Mission to Mars Story by Olga Wojtas
I didn't care for his tone.
‘Excuse me,’ I said, ‘is there some doubt about me going on this mission?’
Not at all, not at all, he said, which was worrying. You can't trust a word these psychologists say.
‘I hope not,’ I said. ‘Given the number of International Space Station missions I've been on, I've been psychometrically tested from here to Betelgeuse. So the sooner you sign this form, the quicker I can get back to training.’
It's just - he said.
‘Just what?’ I said. ‘Don't you tell me there's been any complaints because I won't believe it. My shuttles and modules are the cleanest in the galaxy. You'll see from my records that I'm well used to picking up toothbrushes, empty crisp packets and other floating objects.’
Yes indeed, he said. It's most useful to have a cleaning lady.
‘A cleaning lady?’ I said. ‘Is that what it says on your form?’
I jabbed my finger at the papers in front of him. First ever extra terrestrial cleansing operative, endorsed by NASA and the British Space Programme. Resourceful, determined and very good at Sudoku.
No, it's just - he said.
‘It's that Tim Peake, isn't it?’ I said. ‘I told him, Major Peake, I said, it's not all down to me. Did your mum never teach you how to clean a bathroom properly?’
No, it's just -
‘The cat?’ I said. ‘No need to worry. I know I said I couldn't go unless someone could look after the cat, but Mrs Campbell at number 7 says she'll be happy to.’
You must be very relieved, he said. But no, it's just -
‘It had better not be a problem with my wish list,’ I said. ‘I was informed I was allowed to bring three personal items with me. I've told you right from the start, I'm bringing my space pyjamas, a picture of the cat, and my Marigold gloves.’
I thought of what else I was planning to take on the trip, and how I hadn't actually told them about that. And I thought about the incident the last time I was on the International Space Station. So to stop myself thinking about it, I said: ‘The Marigold gloves are a deal breaker, by the way. The ones NASA give you are rubbish.’
Mrs H! he shouted and I gave him such a look. Only my astronauts get to call me that.
Sorry, he said. Doreen. It's just - these tests - we have to ensure you're emotionally and psychologically robust.
‘Look, son,’ I said, ‘you couldn't do my job if you weren't emotionally and psychologically robust. The state of those bathrooms!’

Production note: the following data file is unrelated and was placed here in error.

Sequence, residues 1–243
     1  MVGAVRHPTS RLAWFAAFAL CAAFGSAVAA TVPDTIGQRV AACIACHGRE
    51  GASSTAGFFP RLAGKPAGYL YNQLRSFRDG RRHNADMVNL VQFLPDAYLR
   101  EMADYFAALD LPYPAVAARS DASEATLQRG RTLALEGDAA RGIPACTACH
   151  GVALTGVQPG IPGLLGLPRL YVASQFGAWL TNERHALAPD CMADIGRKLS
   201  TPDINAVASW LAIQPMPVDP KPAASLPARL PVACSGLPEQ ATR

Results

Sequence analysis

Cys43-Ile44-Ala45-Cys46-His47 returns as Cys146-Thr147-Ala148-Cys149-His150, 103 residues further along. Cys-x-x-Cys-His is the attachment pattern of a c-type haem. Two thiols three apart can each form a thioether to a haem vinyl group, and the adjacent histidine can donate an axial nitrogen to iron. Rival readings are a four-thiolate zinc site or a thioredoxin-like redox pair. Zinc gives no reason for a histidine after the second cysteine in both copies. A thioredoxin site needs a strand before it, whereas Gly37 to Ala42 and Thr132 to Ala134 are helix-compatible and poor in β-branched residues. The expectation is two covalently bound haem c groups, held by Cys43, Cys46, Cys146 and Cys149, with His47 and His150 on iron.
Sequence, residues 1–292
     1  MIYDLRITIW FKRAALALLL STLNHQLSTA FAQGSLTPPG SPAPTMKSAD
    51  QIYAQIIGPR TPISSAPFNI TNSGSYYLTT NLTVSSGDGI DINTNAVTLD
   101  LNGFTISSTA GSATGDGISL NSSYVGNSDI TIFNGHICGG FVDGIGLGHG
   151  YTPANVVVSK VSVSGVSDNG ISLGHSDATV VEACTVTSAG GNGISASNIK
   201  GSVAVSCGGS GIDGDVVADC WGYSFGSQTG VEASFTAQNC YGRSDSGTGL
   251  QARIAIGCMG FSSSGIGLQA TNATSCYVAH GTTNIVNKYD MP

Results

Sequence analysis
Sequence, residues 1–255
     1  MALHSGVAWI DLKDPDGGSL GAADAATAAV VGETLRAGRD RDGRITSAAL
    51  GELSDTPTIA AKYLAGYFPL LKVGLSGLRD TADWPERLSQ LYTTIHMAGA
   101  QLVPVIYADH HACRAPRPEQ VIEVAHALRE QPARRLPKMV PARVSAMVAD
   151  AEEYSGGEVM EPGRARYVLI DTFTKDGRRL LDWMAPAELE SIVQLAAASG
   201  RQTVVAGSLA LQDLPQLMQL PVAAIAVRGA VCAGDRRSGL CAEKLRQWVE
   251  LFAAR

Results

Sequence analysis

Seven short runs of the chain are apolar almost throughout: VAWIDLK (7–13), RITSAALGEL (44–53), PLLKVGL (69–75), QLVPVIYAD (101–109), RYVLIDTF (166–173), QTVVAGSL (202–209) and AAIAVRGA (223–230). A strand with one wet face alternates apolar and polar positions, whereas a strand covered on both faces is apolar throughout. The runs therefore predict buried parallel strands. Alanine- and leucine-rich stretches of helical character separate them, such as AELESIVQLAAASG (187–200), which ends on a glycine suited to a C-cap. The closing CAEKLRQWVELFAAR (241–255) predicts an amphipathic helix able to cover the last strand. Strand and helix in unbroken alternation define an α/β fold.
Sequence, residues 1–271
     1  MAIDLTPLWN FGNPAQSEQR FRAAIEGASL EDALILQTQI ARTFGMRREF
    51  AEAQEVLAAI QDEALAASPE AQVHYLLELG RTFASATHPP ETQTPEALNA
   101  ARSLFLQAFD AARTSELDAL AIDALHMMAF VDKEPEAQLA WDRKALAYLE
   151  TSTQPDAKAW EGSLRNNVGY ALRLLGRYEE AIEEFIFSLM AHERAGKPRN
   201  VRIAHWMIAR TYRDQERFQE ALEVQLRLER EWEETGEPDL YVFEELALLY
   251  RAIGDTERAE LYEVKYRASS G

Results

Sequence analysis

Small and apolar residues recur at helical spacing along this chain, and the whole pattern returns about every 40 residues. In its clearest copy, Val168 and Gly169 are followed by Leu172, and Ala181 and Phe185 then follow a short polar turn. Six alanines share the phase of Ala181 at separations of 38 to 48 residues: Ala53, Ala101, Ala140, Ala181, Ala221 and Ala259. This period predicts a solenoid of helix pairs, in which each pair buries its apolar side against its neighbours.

It's just - he said.
I snatched his sheaf of papers and riffled through them until I found the results of my latest personal training assessment.
‘Nervous?’ I said. ‘I'm not nervous!’
It's okay, Doreen, he said. It's normal to be nervous.
Oh, they're sneaky, these psychologists. There I was, trapped. I was either nervous or I wasn't normal.
‘Of course I'm a wee bit nervous,’ I said. ‘Never seeing family or friends again. Or the cat. Although I'll have the photograph of the cat.’
He leaned forward. That's not it, is it? he said. It's nothing to do with family or friends. Or the cat. What's really bothering you?
‘Nothing,’ I said. ‘Apart from the usual. Dying horribly in an interstellar catastrophe. Twenty-one of the 43 unmanned missions to Mars have failed, so the odds of survival aren't very good.’
Doreen, he said.
‘No, that's it,’ I said. ‘I'm not bothered about anything else.’
Even as I spoke, I was trying to blot out those images from the International Space Station. I always went on my spacewalk at 8am sharp, picking up orbital debris, giving the observatory windows a good clean with my special vinegar solution. But I'd been delayed by a particularly elusive crisp packet. I was heading for the airlock when I saw the commander.
‘Morning, Commander,’ I said. ‘Turned out nice again.’
He didn't say anything. I recognised his expression. I'd seen it on the cat often enough.
‘Morning, Commander,’ I said.
He still didn't say anything, just gave me a sort of nod while keeping his head down.
‘I said: Morning, Commander,’ I said.
Again from my knowledge of cats, I could see he was trying to swallow something, so I grabbed him before he could float away. I already had my Marigolds on, and I seized hold of his nose and squeezed his nostrils shut.
‘Open your mouth,’ I said.
He struggled quite a bit but I hung on and finally he opened his mouth. A lump of green gelatine emerged. As it floated past me, I could just make out the word CLARET on it.
‘You bastard,’ I said. ‘You know the green ones are my favourite.’
I had always thought my secret stash was safe. But if I couldn't protect it on the space station, what chance did I have on Mars One?
And then I realised the psychologist was patting my hand.
Doreen, he said, this is about your wine gums, isn't it?
‘How do you know about my wine gums?’ I whispered and then I burst into tears.
He passed me a box of tissues. You wouldn't believe the amount of checking and double-checking that goes into this mission, he said.
And everybody knows about your wine gums, he added. Now don't you worry. We're going to give you a special container which only opens with retinal scanning. The others won't get your wine gums, I promise.
He retrieved the stack of papers from my side of the table, and signed the top page with a flourish.
This mission needs you, Doreen, he said. It's unimaginable, the strain it would put on the astronauts, eight months in a confined space that got cluttered and/or insanitary. We need a trained professional to guarantee standards.
I scrumpled the used tissues into a ball and stowed them neatly in the pocket on my apron.
‘I won't let you down,’ I said. ‘That dust they get on Mars, that blocks out the sun for months. You leave it to me. I'll have it all gone by the afternoon.’
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Image by Dominic Lockyer, Flickr Creative Commons